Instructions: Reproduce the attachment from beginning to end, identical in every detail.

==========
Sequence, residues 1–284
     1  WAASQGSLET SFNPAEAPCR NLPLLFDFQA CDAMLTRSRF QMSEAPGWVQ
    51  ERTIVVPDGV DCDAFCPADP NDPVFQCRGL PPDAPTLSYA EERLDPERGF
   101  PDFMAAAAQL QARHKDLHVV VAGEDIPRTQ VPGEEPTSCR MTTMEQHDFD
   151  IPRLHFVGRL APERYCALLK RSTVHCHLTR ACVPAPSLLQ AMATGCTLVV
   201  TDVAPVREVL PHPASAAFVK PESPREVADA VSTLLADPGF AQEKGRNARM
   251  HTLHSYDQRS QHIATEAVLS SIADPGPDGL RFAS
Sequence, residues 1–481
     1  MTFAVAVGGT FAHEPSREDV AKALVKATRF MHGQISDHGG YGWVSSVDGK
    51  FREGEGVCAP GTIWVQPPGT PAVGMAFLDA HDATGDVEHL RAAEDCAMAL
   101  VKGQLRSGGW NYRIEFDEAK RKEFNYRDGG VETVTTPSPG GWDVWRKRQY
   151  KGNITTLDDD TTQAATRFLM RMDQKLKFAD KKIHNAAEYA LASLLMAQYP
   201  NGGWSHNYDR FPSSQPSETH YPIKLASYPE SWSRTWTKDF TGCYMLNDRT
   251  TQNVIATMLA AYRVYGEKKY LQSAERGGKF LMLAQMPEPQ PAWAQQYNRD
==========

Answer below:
Sequence, residues 1–284
     1  WAASQGSLET SFNPAEAPCR NLPLLFDFQA CDAMLTRSRF QMSEAPGWVQ
    51  ERTIVVPDGV DCDAFCPADP NDPVFQCRGL PPDAPTLSYA EERLDPERGF
   101  PDFMAAAAQL QARHKDLHVV VAGEDIPRTQ VPGEEPTSCR MTTMEQHDFD
   151  IPRLHFVGRL APERYCALLK RSTVHCHLTR ACVPAPSLLQ AMATGCTLVV
   201  TDVAPVREVL PHPASAAFVK PESPREVADA VSTLLADPGF AQEKGRNARM
   251  HTLHSYDQRS QHIATEAVLS SIADPGPDGL RFAS
Sequence, residues 1–481
     1  MTFAVAVGGT FAHEPSREDV AKALVKATRF MHGQISDHGG YGWVSSVDGK
    51  FREGEGVCAP GTIWVQPPGT PAVGMAFLDA HDATGDVEHL RAAEDCAMAL
   101  VKGQLRSGGW NYRIEFDEAK RKEFNYRDGG VETVTTPSPG GWDVWRKRQY
   151  KGNITTLDDD TTQAATRFLM RMDQKLKFAD KKIHNAAEYA LASLLMAQYP
   201  NGGWSHNYDR FPSSQPSETH YPIKLASYPE SWSRTWTKDF TGCYMLNDRT
   251  TQNVIATMLA AYRVYGEKKY LQSAERGGKF LMLAQMPEPQ PAWAQQYNRD